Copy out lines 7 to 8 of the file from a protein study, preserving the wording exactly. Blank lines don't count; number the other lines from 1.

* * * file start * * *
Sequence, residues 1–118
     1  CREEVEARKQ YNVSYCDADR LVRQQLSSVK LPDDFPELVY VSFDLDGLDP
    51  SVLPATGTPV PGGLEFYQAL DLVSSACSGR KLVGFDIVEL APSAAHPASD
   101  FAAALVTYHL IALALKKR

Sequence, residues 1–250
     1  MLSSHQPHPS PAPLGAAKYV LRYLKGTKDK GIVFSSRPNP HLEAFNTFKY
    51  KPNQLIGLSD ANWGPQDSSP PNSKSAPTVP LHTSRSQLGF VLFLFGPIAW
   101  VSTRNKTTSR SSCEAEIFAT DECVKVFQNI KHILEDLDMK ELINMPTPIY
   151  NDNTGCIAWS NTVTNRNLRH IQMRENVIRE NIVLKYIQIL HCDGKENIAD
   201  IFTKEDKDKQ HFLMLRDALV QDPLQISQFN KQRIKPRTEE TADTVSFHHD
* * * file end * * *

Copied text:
    51  KPNQLIGLSD ANWGPQDSSP PNSKSAPTVP LHTSRSQLGF VLFLFGPIAW
   101  VSTRNKTTSR SSCEAEIFAT DECVKVFQNI KHILEDLDMK ELINMPTPIY